Mike Fletcher didn't find any notes waiting for him at the Women's Resource Center Thrift Shop after a weekend off.
When he arrived for work Monday, no one had called requesting he pick up a donation, mostly larger items that are hard to move. The sales floor looked thinner in places, too.
On Tuesday, he moved the last of the donated sofas from storage into the store on U.S. 31 near Pizza Hut in Traverse City. That brought the total to nearly 10.
"I save them for when we get slow," Fletcher said. "It was kind of empty."
Winter months frequently mean a leaner supply for some local nonprofits that rely on donors to boost their merchandise for people in need.
The reasons vary but could include any number of things: It's too early for spring cleaning; the holidays zapped a lot of people's attention; people don't hold garage sales when it snows.
Furniture and household items, such as dishes and cookware, are the most needed at the Women's Resource Center shop, Manager Carol Rose said. People seem to be shopping less for decorative items and more for necessities.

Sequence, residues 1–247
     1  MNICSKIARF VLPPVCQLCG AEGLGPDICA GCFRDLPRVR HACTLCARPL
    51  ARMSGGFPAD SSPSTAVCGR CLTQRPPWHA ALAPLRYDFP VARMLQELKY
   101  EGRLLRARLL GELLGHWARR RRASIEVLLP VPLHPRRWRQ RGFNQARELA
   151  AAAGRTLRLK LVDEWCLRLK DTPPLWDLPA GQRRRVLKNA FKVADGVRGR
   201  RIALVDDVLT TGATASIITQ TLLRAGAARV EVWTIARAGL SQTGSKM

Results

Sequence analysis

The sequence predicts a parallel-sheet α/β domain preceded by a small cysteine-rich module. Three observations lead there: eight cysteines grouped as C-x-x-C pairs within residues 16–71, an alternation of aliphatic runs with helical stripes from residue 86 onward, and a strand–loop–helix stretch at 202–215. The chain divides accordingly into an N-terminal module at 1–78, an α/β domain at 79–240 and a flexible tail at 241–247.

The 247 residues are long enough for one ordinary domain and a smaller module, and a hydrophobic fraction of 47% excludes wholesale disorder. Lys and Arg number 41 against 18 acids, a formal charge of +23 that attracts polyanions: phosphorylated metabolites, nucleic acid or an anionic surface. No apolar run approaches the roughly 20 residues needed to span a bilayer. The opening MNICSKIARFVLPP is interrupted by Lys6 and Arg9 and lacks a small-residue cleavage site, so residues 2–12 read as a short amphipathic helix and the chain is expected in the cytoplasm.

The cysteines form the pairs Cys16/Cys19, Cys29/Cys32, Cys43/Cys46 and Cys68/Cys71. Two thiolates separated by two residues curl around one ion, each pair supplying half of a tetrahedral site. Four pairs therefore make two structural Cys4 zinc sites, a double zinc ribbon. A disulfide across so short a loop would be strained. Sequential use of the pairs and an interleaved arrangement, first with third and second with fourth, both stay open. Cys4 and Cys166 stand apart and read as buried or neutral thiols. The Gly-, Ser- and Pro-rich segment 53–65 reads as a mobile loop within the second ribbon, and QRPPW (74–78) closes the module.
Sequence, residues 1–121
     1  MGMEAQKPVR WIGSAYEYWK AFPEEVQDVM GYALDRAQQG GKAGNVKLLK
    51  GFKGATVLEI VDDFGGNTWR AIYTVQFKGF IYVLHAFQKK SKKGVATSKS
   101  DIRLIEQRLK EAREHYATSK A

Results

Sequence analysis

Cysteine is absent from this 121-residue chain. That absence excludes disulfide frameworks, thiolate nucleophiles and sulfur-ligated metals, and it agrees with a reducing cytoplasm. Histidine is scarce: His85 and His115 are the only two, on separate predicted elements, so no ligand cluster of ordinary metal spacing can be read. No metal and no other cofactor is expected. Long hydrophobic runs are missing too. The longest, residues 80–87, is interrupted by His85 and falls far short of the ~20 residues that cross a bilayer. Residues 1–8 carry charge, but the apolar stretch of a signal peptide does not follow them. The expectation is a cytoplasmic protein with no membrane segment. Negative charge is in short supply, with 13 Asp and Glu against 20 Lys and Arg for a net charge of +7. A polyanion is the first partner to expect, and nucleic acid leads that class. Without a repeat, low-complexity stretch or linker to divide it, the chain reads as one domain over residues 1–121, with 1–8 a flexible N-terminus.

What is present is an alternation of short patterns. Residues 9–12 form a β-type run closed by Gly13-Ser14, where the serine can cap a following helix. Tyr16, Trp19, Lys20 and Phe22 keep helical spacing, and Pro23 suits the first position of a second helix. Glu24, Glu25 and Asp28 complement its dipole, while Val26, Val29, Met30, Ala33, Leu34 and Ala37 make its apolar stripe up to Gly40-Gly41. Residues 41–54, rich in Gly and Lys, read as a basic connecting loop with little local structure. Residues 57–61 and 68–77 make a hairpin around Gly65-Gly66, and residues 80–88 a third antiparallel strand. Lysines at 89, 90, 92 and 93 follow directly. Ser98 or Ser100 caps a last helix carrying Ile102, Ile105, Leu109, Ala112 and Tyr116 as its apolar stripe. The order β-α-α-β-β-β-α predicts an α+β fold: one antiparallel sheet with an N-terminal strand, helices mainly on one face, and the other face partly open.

One dresser set was in storage Tuesday. A set of six drawers was on the sales floor.
"We're just dependent on people coming through the back door," Rose said.
The needs overlap at some other regional agencies:
• The Father Fred Foundation in Traverse City always could use furniture and household items because of quick turnover, said Dave Abeel, development director.
Items such as plates or coffeemakers are "dropped off, and they're gone within a day or two," he said. Some furniture might be saved for a spring garage sale.
• Both Father Fred and Kalkaska Area Interfaith Resources could use more children's winter clothing. At KAIR, one rack each is devoted to boys and girls, Manager Peggy Young said. Staff and volunteers are nearly finished sorting through what remains of cold-weather gear.
Boots are in particular need. A few used pairs are available.
"We've had a lot of calls for that," she said. "They've been pretty well-worn."
• KAIR and Benzie Area Christian Neighbors, in Benzonia, each could use items in the food pantry. KAIR's needed reinforcements include jelly, tuna fish, canned fruit and soup.
Benzie's agency needs personal hygiene items, particularly for customers who use state food assistance when grocery shopping, said Gerri Van Antwerp, volunteer coordinator.
Those are less often donated, she said. Long underwear also has been a recent request.